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Abdurrahman Şâgûrî (İngilizce)

Writer: Shaykh Nuh Keller

Sheikh  Abd al-Rahman al-Shaghouri left this world on Tuesday 8 June  2004 in Damascus after    a lifetime of serving Islam and Muslims.  Thousands came to his funeral on Wednesday at the    mosque of Sheikh  Muhyiddin Ibn al- Arabi in the Salihiyya quarter. Among the people who     prayed over him and buried him were those who knew him as a father,  friend, religious scholar,    teacher, mystical poet and vocalist, and  Sufi sheikh. I knew him as the latter.

Twenty-two years ago, we  had come out of this mosque together after visiting the shrine of     Sheikh Muhyiddin, and I watched for a moment as he stopped to buy some  apples from a cart in    front of the mosque. He took the plastic bag  from the seller and filled it with the worst apples he    could find    nicked, bruised, and worm-holed   which he chose as carefully as most  people    choose good ones, then paid for and with a smile shook hands  with the man before we went up    the hill to the sheikh s home.

Small  and lithe, he had a light complexion, penetrating eyes,    aquiline  features with expressive lips, and a trimmed mustache and full beard. He  dressed    elegantly, wearing a few turns of white and gold cloth  around a red fez on his head, a knee-    length suit and vest over a  shirt without a tie, and trousers tapering to the ankles.

As we climbed     higher and higher, I wanted to carry the bag, but he wouldn t let me,  saying that the Prophet    (Allah bless him and give him peace) had  said,  The one who needs a thing is the one who    should carry it.   When I reflected on his strange  shopping,  I realized that it had been  to save    the apple man from having to throw any out. The incident  summed up the sheikh s personality    and life, which was based on  futuwwa or  putting others ahead of oneself.

Many who  knew him regarded him as a wali or friend of Allah, and surely his long  decades of    service to others had much to do with it. His wife bore  him five sons and five daughters, and he    was preceded to the  afterlife by her and a son.

Originally a weaver by trade, he had been     instrumental in unionizing workers in the present c entury in Damascus,  and served on the    committee that led the Syrian Textile Workers   Union in a successful forty-day strike for    workmen s compensation.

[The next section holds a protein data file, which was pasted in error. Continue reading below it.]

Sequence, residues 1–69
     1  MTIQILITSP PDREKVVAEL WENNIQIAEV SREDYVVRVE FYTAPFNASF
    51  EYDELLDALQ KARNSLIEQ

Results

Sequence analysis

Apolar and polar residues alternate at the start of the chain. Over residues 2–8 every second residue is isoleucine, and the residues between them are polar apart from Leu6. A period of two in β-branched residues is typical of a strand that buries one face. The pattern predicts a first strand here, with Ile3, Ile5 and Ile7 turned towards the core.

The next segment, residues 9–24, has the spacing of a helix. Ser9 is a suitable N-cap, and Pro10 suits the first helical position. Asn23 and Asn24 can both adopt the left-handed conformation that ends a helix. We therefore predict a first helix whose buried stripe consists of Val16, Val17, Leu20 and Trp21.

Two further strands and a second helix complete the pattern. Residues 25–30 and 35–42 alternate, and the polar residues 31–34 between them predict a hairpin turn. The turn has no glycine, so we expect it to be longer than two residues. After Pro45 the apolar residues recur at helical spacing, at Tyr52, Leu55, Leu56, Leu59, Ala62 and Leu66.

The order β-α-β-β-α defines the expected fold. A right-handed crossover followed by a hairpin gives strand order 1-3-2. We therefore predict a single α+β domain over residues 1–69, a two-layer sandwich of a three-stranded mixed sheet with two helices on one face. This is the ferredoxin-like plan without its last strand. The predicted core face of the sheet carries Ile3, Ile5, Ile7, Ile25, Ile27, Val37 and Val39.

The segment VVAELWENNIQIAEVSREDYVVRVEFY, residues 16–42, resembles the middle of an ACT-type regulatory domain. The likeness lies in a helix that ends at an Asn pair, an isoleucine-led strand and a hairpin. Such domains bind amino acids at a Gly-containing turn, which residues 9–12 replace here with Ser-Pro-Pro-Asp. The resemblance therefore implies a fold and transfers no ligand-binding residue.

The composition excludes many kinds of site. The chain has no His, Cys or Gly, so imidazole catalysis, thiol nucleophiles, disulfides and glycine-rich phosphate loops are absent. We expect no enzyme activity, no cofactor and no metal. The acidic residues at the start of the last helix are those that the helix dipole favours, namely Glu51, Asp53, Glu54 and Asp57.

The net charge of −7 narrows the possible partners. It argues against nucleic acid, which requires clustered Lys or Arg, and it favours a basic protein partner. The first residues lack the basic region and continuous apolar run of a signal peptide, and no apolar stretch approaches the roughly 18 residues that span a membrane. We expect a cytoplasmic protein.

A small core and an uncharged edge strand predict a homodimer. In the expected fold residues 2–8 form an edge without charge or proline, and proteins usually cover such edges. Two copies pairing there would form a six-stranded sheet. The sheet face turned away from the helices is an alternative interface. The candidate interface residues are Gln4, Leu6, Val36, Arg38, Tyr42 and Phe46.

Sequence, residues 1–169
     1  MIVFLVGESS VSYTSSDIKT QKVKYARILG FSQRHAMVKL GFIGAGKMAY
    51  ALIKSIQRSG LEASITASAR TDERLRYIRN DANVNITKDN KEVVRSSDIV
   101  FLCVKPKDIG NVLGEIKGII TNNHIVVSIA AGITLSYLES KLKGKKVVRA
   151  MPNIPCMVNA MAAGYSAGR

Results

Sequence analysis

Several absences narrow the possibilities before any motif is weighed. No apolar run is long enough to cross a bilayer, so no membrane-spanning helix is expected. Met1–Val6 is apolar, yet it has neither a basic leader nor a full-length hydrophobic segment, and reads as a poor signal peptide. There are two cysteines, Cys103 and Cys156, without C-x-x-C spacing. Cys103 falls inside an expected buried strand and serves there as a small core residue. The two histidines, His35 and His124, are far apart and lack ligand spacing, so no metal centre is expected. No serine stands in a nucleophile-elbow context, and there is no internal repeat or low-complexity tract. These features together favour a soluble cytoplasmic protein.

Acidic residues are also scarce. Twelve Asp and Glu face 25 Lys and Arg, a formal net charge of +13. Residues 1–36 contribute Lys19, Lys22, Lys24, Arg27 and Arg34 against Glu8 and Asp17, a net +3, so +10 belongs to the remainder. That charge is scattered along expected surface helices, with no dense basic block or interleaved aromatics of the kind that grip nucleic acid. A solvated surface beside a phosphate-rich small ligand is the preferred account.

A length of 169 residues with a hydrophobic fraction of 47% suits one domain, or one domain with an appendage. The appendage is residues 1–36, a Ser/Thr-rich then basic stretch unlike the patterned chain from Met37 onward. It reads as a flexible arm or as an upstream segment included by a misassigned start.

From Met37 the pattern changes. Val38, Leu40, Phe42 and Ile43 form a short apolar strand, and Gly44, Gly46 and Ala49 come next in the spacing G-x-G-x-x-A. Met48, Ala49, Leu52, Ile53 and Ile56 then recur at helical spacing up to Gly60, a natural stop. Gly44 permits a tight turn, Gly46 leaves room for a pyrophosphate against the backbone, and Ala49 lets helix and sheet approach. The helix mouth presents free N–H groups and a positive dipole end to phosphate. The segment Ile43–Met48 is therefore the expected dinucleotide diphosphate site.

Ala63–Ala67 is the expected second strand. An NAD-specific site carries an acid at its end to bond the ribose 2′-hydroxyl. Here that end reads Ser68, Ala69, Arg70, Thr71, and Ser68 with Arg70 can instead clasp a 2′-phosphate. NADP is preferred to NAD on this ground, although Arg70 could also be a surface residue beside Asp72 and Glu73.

He  had represented Syria in the United Arab Workers  Union, and led    an  active public life. Earlier this year in the month of Rabi  I, he had  received recognition at the    Burda [Prophetic Mantle] annual  poetry awards given by the United Arab Emirates for outstanding  service to the Umma of the Prophet (Allah bless him and give him  peace).

With the    apples and everything else he did, he was always  teaching students the inner sunnas of the    character and states of the  Prophet (Allah bless him and give him peace), to whom he referred     everything.  I am just a parrot,  he told us.

I once came  to Damascus to complain about one of the brethren in Jordan, and after  checking    into a hotel, went to the tiny room and bookshop of Sheikh   Abd al-Wakil al-Durubi off the    courtyard of the Darwishiyya Mosque.

Sheikh  Abd al-Rahman would drop in after the noon    prayer each day to  visit with his friends, and I found him there and gave my Salams, but  before I    could say anything, he said,  How is your ego getting along  with So-and-so?  mentioning the    person by name. I was abashed for a  moment, then said,  Praise be to Allah.

The sheikh replied,     Praise  be to Allah,  then talked about the importance of being with true and  honest people, and    avoiding those who spoke badly of others.          Despite such incidents, the sheikh would say,  The person of the sheikh  is a veil,  and never    drew attention to himself, but to Allah and to  the sunna of His Messenger (Allah bless him and give him peace).